About eight years later in 1914, Tom purchased 40 acres of land, located on the Friendship Road, from Mollie’s father, William Thomas Cauley. The area was assigned as Route Three, Opp, Alabama. Here Tom built a three-bedroom house, which stood until the late 1970s when the land was sold to Earl and Dorothy Burge. Tom began to farm and gin cotton for his brother-in-law, Billy Cauley, at the Cauley Gin, located on property adjoining the Friendship Cemetery.

One day while Tom was plowing in his field, he heard a loud explosion in the direction of the gin. He ran to the site to find that a boiler had blown up and killed his young nephew, Little Tom Cauley, son of Mollie’s brother, Marvin Cauley. Marvin operated a taxi service in the Town of Opp for many years.

In 1927, Tom began employment at the Dannelley’s Crossroads Cotton Gin, which was operated by Button Grimes and Henry D. Jones. Tom began operating it and did so until his death on July 4, 1947. During those years, he would operate the gin until the season was ended, and then he would operate the Grimes Gristmill at the same location.

Tom and Mollie had the following four children: Willard Sargeant, b. 1907, d. 1991, m. Maggie Lee McCart (1911-1998); Button Blue, b. 1911, m. 1945 Bessie Frances Dawlins; Rossie Ruth, b. 1916, m. 1934 Wilbur O. Ellenburg; and William Tobe, b. 1921, d. 1923.

The oldest son, Willard Sargeant Griffin, attended Gravel Hill School, located between Friendship Methodist Church and Union Grove Pentecostal Church in Covington County. Afterwards, he attended business school in Montgomery. He and his wife, Maggie Lee, lived most of their lives in Covington County with the exception of a few years when they lived and worked at the shipyard on Blakely Island. They reared the following three children: Robert Thomas, b. 1929; Roland Pearson, b. 1931; and Ned Franklin, b. 1934. Robert Thomas remembered spending many happy Christmases at his Griffin Grandparents’ home. At their deaths, Willard and Maggie were buried in the Friendship Cemetery.

The second son, Button Blue Griffin, and his wife, Bessie Frances, lived most of their married life in Pensacola. They reared two sons, Winston Thomas and Wayne Blue.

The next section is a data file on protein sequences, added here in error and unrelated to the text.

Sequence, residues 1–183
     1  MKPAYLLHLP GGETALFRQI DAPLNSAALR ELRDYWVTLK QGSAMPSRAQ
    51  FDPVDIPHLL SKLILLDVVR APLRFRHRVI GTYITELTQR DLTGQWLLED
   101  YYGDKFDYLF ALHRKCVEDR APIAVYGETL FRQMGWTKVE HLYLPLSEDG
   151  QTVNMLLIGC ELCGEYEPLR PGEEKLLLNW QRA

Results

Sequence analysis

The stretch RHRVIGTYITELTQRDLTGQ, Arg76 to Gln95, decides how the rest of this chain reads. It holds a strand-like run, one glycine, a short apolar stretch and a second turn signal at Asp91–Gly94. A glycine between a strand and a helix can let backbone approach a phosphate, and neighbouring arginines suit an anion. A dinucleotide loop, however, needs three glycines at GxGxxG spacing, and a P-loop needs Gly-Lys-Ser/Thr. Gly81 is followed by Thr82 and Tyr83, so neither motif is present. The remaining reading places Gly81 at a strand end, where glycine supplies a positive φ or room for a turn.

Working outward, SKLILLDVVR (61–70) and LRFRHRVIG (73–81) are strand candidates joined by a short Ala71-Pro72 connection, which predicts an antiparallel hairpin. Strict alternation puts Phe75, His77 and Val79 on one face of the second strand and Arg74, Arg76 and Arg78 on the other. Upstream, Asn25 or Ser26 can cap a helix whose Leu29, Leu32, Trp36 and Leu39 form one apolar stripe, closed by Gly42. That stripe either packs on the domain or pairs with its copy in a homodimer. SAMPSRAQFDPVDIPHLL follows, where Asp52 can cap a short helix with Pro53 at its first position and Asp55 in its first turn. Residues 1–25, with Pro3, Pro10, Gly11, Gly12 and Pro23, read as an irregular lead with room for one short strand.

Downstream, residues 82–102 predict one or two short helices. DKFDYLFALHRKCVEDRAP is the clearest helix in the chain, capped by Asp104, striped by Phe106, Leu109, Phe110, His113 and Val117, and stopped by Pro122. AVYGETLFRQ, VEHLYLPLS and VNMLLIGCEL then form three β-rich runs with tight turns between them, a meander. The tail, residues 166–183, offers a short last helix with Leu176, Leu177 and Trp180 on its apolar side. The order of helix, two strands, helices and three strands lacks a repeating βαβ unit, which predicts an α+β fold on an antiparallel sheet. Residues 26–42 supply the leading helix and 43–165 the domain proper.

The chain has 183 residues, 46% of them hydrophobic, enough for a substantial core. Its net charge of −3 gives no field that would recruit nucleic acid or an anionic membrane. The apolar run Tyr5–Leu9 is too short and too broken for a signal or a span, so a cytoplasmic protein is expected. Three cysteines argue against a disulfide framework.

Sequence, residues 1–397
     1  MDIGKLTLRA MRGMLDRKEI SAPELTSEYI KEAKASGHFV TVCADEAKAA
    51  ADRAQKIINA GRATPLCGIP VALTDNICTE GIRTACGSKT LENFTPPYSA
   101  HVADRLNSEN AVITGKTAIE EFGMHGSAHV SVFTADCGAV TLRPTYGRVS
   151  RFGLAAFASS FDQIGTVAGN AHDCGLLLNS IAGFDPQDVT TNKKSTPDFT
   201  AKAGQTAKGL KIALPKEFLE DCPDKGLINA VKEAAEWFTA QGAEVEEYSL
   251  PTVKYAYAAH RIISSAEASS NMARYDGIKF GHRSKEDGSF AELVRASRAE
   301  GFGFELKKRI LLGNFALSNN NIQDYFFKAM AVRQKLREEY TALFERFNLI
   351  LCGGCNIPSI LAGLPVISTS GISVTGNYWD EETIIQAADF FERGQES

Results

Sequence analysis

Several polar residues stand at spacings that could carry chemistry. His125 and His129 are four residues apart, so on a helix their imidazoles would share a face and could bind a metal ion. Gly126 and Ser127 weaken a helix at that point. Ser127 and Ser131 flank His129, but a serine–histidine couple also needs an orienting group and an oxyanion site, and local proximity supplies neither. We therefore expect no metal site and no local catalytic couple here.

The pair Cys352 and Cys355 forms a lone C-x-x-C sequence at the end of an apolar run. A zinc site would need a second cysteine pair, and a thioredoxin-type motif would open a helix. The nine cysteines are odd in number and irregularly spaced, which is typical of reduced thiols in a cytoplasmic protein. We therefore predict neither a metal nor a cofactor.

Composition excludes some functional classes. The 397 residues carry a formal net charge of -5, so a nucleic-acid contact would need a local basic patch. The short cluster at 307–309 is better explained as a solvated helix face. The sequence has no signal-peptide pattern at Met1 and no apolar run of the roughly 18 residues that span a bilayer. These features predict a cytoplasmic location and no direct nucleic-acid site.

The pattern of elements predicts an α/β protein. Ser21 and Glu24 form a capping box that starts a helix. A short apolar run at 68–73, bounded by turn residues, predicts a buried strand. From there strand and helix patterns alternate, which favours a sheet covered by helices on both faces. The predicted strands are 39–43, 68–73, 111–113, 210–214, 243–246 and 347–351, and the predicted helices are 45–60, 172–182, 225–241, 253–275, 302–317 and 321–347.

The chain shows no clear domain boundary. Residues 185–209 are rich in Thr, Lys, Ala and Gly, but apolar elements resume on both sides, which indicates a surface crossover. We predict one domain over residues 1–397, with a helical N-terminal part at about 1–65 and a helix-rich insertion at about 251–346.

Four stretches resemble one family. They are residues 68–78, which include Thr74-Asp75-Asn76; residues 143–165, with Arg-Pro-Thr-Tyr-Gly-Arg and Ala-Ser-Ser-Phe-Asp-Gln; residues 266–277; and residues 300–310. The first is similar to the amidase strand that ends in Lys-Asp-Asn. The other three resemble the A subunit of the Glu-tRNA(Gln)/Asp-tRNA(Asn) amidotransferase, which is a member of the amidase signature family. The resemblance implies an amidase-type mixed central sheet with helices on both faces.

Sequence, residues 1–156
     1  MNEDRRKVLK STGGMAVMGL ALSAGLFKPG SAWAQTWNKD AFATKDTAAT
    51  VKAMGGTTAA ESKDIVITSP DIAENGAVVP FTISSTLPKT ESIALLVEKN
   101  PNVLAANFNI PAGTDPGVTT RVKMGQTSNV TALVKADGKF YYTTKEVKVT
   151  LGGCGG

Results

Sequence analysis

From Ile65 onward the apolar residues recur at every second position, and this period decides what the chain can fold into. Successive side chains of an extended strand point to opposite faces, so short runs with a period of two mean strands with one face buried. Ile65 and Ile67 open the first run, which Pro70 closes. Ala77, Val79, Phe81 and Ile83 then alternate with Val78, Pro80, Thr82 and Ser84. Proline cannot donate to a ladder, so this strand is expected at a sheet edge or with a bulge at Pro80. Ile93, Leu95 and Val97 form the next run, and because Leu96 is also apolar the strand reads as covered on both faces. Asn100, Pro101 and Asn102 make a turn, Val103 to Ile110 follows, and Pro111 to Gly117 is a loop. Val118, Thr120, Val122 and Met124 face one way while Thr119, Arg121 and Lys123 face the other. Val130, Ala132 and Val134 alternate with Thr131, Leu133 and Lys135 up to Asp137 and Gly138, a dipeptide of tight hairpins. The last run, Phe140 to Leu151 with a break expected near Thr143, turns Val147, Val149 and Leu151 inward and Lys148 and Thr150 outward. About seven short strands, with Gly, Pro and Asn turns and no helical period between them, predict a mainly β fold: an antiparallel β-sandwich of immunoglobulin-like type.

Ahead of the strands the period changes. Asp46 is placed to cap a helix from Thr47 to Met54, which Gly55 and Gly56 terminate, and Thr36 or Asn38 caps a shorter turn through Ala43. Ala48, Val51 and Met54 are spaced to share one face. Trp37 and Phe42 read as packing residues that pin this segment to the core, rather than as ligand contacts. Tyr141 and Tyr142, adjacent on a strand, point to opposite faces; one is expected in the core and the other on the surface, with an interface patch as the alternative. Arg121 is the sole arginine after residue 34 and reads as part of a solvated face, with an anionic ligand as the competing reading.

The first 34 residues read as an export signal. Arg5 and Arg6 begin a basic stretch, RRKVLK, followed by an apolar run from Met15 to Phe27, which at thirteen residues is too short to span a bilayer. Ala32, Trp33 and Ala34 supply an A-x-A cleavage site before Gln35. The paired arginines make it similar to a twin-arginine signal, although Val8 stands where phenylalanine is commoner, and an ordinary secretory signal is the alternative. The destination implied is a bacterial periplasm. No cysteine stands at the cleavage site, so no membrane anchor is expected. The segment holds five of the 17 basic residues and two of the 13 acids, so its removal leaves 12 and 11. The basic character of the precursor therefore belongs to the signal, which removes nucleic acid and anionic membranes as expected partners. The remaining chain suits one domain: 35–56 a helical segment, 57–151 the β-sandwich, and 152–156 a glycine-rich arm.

The only daughter, Rossie Ruth Griffin, was married in 1934 to Wilbur O. Ellenburg. Since they married during the depression years, they traveled to South Florida to work in the citrus orchards during their first two years. They later worked in Civil Service jobs in Mobile and Ft. Walton until they retired in 1973. Within the next year of 1974 they decided to return to their hometown of Elba. Wilbur died in 1990, and while it is not known, Rossie probably died in the last few years.

The fourth and last child, William Tobe Griffin, was only two years old when he died from complications of mastoid surgery.

The source for this narrative was a family story submitted for publication in The Heritage of Covington County, Alabama, by Rossie Ruth (Griffin) Ellenburg who was 84 years of age at the time the book was published in 2003. It is very fortunate for families who had relatives to submit such family histories for the heritage book.

Anyone who has additions to the above history or new information on other Griffin families who have lived in Covington County is requested to contact this writer, Curtis Thomasson, at 20357 Blake Pruitt Road, Andalusia, AL 36420; 334-222-6467; or E-mail:

HISTORICAL MEETING: The Covington Historical Society will be meeting at 7 p.m. on Thurs., Jan. 28, in the Dixon Memorial Room of the Andalusia Public Library.

Local resident, John Vick, will present a program on the U.S. Navy from his experiences while rendering service. Guests are cordially invited.